Jana boss accuses Agrium of "scorched earth approach" to resisting changes | iNFOnews | Thompson-Okanagan's News Source

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Jana boss accuses Agrium of "scorched earth approach" to resisting changes

CALGARY - Jana Partners LLC is accusing Agrium Inc. of taking a "scorched earth approach" in resisting changes the activist hedge fund wants to see at the fertilizer firm, including the spinoff of its retail arm.

Agrium CEO Mike Wilson met with Jana founder and managing partner Barry Rosenstein in New York on Wednesday, but a letter Rosenstein fired off to Agrium's board of directors seemed to indicate it didn't go well.

"We have watched in disbelief over the last few days as the management of Agrium Inc. has taken a scorched earth approach to avoid any reasonable discussion of our proposals to unlock the true shareholder value potential of the company," Rosenstein wrote in the letter, which was also distributed to the media.

"This pattern of behaviour continued in our meeting with management and their advisers at our office today."

Agrium said it regularly meets with all its shareholders, and the confab Wednesday was arranged weeks ago.

"The only accurate statement in Jana's letter is that Agrium is not going to spin off its retail business and that Agrium is always open to looking at ways to improve operating performance," said company spokesman Richard Downey.

"Our independent board unanimously decided that a spinoff was not in the best interest of shareholders."

One sticking point has been what value to assign Agrium's retail segment on a standalone basis, since there are no publicly traded retailers to compare it to.

Jana has accused Agrium of making a last-minute switch in its list of comparable peers in order to bolster its argument that the retail arm would fetch a poor price if it were spun off.

In the letter, Rosenstein said for years, Agrium used a set of "comps" that traded at a more than nine times earnings before interest, taxes depreciation and amortization, but then switched them to a new set with an average multiple of seven times EBITDA.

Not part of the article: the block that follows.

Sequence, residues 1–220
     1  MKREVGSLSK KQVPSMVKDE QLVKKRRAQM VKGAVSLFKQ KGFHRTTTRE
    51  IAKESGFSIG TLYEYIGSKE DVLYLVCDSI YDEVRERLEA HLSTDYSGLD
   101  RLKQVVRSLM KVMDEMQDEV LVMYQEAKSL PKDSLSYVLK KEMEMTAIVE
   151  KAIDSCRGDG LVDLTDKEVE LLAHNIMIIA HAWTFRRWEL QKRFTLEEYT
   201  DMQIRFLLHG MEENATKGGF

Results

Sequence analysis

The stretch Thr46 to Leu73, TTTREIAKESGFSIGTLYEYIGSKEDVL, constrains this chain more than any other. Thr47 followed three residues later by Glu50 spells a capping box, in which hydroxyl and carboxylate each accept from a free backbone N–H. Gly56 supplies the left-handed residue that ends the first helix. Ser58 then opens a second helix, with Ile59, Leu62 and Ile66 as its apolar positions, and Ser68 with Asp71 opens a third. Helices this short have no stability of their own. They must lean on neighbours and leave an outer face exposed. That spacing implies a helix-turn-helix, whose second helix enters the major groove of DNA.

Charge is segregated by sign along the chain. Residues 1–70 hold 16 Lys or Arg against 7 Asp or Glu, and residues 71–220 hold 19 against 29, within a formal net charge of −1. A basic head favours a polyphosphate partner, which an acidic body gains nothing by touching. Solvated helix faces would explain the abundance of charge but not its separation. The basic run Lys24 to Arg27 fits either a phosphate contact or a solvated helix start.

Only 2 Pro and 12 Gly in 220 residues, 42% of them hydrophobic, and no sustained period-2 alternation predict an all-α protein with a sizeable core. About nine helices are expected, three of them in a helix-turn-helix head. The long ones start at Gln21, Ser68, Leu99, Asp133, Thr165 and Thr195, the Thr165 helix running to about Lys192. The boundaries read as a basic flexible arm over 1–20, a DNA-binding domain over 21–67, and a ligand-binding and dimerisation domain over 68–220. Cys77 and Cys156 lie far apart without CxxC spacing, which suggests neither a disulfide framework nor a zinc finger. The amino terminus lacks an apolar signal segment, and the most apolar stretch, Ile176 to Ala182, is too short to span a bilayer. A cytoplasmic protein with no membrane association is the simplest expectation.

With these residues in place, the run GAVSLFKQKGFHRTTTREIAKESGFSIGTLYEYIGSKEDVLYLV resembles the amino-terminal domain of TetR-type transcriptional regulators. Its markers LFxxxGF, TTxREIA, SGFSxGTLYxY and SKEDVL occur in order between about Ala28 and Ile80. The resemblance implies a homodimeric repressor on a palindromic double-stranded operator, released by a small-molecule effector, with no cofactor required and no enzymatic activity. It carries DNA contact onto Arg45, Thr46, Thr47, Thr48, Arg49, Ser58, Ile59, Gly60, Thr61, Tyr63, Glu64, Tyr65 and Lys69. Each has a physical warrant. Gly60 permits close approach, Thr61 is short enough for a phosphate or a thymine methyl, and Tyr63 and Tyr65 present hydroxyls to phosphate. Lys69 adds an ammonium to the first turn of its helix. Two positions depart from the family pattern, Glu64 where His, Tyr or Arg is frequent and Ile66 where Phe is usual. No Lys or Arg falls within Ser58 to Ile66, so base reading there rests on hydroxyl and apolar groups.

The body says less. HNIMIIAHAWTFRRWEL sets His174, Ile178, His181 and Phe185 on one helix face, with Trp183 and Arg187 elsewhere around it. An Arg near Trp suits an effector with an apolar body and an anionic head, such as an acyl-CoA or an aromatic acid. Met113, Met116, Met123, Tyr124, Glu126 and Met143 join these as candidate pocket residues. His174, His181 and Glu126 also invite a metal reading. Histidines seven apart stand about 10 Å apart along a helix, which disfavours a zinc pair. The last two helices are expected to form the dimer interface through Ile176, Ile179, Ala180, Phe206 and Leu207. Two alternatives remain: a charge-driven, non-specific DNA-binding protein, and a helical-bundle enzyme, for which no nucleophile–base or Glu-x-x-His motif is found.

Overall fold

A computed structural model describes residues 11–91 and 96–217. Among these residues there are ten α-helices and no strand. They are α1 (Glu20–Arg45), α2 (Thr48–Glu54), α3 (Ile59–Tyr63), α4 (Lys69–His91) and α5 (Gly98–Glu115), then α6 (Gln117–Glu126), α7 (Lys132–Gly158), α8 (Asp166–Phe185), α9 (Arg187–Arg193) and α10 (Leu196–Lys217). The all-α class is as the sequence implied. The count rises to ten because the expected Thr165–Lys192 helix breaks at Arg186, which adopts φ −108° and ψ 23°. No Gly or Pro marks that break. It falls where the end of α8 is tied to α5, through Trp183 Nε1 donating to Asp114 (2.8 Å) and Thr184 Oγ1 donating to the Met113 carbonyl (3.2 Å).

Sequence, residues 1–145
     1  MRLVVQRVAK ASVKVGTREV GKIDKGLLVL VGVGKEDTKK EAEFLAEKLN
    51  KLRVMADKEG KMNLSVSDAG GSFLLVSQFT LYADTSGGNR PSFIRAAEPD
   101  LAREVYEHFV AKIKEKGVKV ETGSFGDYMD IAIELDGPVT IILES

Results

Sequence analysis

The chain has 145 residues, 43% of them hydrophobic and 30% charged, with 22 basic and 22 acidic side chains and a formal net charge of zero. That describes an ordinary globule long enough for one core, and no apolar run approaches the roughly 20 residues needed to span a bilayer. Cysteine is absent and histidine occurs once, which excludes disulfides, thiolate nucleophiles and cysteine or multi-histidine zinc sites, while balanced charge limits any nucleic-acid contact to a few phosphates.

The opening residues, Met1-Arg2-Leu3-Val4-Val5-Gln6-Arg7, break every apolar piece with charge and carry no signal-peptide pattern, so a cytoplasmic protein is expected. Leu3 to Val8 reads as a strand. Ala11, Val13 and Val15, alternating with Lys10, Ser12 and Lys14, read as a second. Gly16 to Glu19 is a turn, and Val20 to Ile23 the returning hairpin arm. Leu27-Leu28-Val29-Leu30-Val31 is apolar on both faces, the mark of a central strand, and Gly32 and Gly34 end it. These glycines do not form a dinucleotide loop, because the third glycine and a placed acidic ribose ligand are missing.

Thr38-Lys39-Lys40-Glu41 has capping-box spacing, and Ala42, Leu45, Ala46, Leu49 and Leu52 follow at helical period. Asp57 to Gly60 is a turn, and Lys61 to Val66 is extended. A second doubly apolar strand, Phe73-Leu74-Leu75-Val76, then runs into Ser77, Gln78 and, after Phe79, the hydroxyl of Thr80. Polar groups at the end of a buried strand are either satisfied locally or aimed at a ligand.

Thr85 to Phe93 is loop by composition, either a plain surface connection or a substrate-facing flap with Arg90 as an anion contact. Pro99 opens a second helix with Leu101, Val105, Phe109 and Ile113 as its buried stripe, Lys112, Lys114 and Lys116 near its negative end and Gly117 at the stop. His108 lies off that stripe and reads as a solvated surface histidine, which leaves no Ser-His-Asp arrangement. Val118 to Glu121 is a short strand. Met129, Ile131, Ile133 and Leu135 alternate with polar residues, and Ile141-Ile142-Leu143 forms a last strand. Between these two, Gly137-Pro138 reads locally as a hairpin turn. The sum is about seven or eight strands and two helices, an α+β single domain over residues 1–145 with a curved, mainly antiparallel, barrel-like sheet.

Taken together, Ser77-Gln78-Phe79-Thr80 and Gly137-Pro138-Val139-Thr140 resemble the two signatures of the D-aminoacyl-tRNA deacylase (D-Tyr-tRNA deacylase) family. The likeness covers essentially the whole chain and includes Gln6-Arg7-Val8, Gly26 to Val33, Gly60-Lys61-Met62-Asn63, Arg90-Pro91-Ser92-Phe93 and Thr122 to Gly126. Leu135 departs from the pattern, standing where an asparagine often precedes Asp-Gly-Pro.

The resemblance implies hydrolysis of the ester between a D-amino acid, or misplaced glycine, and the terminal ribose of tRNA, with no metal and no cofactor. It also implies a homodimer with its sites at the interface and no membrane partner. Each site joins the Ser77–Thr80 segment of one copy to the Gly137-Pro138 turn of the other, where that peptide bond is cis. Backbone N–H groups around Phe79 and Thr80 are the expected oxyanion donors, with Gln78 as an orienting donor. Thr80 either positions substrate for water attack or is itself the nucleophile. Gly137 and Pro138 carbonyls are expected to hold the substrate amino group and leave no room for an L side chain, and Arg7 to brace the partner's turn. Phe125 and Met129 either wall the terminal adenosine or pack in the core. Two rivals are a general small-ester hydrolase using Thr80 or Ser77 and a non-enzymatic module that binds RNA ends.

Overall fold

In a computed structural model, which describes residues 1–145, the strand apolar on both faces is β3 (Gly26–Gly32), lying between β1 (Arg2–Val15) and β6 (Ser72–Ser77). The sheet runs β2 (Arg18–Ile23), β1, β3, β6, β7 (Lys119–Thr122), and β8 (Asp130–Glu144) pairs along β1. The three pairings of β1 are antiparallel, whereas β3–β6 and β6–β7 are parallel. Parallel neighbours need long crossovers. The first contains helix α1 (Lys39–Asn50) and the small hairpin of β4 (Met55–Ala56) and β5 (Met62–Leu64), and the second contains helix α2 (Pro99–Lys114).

"Agrium management is either now intentionally and disingenuously talking down the valuation of the company's assets in order to avoid a rational discussion about the value of a separation, or has knowingly engaged in over $4 billion in retail acquisitions since 2008 for which it has paid far too much," Rosenstein wrote.

"Either equates to the intentional destruction of shareholder value, destroys credibility, and would be a complete violation by the board and management of their duties to shareholders, and we believe is grounds for investigation into management’s past and present comments regarding its comparable company set (one has to be wrong) to regulators."

Downey said there's nothing untoward about the change. He said Agrium's financial adviser, Morgan Stanley, had suggested the company needed broaden its peer group to include more names than UAP, the big U.S. retailer Agrium acquired in 2008, had chosen and that Agrium had based its numbers.

Jana, which holds a four per cent stake in Agrium, wants the Calgary-based company to spin off its retail segment, through which it sells fertilizers and other products to farmers, from its fertilizer production and wholesale business.

The investment firm has also raised concerns with Agrium about costs, capital allocation and operating performance in the retail segment. As well, it wants to see more retail distribution expertise on the board.

Investors seemed to have a tepid response to the Agrium news on Tuesday. Shares in the company, which has been trading near its highs for the year, barely budged, closing up 40 cents to $95.93 on the Toronto Stock Exchange.

But on Wednesday, Agrium's stock closed up nearly two per cent to $97.71.

Agrium is not the only big Calgary company to come under pressure from a New York hedge fund in the past year.

Pershing Square Capital Management waged a months-long battle and eventually replaced the CEO of Canadian Pacific Railway Ltd. (TSX:CP).

Unlike CP Rail, which critics accused of underperforming, Agrium has been posting strong earnings growth and recently more than doubled its dividend.

Agrium announced a $900-million share buyback program earlier this month, a move Jana has praised.

News from © The Canadian Press, 2012
The Canadian Press

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